I follow my heart and my gut and keep moving forward. There are always ups and downs, but you can’t quit, you must persevere.”
Raymond Falite joined his brother, who, in 1977, started an HVAC company with a red truck and $300. The company is now the thriving, vibrant Falite Brothers. They worked seven days per week for the first 20 years in order to grow the company. For the last 20 years they were able to work six days per week to stay on path. Falite Brothers has 45 employees and they focus on light commercial and residential clients. They have gravitated away from the larger clients they used to service in an effort to become involved in more smaller projects, which can be better for business. The new niche has proven to be a successful business model for Falite Brothers.
Where did the idea for Falite Brothers come from?
My brother, who went to school and became involved in the HVAC industry through one of the big hospitals here in Boston. After seven years working in HVAC, he decided to open his own company. He asked me to work with him, so I joined him and we became partners. That is how Falite Brothers was born!
What does your typical day look like and how do you make it productive?
I get up around 5:30 in the morning and start by checking my emails, then by 7:30 or 8 am I am off to the office. Once I am at the office, I have another quick email check and meet with my office manager to discuss the day’s schedule and to do lists. After that I go to the different job sites for status checks with the foreman’s. With the various jobs on track it is time for another email check and a review of upcoming jobs.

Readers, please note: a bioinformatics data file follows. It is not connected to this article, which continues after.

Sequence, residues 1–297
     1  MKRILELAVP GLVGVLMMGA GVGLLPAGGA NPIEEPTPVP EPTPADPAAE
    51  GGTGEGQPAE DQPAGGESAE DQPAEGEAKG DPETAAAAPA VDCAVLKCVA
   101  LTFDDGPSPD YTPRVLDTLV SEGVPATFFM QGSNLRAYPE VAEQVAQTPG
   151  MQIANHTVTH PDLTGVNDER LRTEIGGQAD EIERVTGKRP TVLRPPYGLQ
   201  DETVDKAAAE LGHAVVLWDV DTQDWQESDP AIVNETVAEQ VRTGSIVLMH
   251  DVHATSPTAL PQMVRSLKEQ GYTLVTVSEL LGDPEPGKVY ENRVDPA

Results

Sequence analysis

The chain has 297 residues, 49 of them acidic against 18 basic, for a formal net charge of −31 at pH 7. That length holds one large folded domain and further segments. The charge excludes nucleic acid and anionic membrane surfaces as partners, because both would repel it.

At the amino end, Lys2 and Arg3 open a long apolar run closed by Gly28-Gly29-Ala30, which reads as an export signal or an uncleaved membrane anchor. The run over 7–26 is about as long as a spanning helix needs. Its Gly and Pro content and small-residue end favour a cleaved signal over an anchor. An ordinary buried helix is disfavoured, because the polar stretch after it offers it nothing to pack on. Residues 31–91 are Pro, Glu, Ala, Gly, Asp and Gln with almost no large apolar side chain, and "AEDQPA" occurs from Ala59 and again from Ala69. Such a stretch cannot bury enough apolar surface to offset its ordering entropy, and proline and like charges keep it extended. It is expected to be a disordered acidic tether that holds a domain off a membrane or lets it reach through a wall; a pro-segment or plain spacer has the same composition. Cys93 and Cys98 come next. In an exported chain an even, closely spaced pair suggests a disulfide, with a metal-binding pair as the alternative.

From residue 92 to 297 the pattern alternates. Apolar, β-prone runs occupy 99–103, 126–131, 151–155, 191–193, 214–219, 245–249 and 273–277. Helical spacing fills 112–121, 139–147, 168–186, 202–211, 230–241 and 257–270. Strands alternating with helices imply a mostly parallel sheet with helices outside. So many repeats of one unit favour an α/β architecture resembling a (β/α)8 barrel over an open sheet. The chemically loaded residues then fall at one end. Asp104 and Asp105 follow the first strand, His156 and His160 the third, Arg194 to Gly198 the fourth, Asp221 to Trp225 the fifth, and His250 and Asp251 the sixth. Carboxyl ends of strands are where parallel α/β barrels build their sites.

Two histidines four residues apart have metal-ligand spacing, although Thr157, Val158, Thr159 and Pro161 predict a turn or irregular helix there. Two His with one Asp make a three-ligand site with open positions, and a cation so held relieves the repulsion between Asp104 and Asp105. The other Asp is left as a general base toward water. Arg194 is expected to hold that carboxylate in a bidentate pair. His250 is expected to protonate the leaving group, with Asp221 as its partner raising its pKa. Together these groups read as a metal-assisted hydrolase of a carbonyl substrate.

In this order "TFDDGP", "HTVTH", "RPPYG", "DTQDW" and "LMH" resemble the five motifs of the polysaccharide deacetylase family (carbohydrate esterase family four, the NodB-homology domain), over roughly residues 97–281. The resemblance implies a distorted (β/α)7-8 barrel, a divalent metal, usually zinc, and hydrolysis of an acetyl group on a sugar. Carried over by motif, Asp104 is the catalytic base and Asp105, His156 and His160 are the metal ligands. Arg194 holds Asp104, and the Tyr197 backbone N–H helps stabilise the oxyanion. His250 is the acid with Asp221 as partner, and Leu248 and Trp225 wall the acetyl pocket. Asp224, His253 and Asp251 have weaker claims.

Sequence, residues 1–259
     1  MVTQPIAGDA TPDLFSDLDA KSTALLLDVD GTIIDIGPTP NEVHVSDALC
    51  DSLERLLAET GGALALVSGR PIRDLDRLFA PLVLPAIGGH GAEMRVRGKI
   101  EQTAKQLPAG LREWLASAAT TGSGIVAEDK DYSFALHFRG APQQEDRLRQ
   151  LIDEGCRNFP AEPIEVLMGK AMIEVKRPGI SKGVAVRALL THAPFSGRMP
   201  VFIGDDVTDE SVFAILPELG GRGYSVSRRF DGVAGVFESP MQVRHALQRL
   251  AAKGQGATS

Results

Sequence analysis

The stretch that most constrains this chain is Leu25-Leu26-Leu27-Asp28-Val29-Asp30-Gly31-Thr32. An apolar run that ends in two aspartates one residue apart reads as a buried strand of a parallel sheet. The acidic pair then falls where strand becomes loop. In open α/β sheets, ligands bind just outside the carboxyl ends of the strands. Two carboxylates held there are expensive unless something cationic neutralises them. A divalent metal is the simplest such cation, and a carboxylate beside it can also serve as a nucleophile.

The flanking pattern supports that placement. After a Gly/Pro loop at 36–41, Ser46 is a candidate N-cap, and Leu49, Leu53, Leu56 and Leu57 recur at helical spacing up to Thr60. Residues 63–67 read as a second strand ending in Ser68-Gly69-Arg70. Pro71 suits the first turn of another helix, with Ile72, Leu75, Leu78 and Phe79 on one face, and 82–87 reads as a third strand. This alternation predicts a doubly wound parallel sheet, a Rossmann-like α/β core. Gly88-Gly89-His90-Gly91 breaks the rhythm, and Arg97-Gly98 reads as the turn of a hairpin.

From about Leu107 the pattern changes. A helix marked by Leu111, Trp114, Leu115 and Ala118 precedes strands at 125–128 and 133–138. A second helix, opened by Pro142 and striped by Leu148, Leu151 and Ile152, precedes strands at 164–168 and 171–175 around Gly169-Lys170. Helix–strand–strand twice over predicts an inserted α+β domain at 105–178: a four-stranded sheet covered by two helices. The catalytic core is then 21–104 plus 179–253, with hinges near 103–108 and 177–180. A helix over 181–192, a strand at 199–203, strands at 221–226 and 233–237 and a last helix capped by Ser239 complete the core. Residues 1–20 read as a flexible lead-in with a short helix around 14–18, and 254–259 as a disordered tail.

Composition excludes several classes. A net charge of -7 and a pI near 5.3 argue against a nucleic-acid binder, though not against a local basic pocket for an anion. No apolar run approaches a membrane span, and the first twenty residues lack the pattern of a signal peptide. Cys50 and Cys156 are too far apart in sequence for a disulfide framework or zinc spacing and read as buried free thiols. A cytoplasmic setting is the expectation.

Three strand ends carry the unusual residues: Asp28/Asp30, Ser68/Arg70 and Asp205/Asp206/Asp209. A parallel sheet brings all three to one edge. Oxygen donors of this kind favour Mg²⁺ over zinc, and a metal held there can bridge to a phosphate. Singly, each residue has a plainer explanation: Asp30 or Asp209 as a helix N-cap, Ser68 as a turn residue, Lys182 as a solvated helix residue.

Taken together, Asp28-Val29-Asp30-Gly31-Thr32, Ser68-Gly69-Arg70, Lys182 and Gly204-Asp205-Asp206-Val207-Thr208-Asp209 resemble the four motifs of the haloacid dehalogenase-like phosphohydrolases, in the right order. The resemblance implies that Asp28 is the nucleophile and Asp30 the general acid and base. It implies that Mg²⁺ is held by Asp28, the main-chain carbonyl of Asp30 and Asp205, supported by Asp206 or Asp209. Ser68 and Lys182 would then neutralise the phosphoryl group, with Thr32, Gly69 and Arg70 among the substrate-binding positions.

How do you bring ideas to life?
When we have a new idea, I call a meeting with the managers and office personnel for a discussion and feedback. From there I will assign this to someone for launch. It could be a new product or marketing plan, but the whole company participates as a team.
What’s one trend that really excites you?
I am really excited about the ductless Mitsubishi system. I really think this is the future of HVAC. It is very popular in the European countries where they do not have room for duct work or piping. It was actually designed by an American in the 1950’s and then sat on the shelf for almost 15 years. The Japanese dusted it off and ran with it, starting in Europe and now here in the states. It is an excellent, far less invasive product and very easy to maintain.
What is one habit of yours that makes you more productive as an entrepreneur?
I don’t quit! If I encounter a roadblock, I do not quit. I go past it and stay on path. I follow my heart and my gut and keep moving forward. There are always ups and downs, but you can’t quit, you must persevere.
What was the worst job you ever had and what did you learn from it?
Oh wow! Once we had a job that was in terrible conditions. There was a small crawl space and a lot of piping. It was a nightmare that job. It used a lot of energy and resources to complete this job. I learned that just having a project to do does not mean success or profit. I learned how to choose projects that were best for the company rather than taking on every project. Some just are not for us.
If you were to start again, what would you do differently?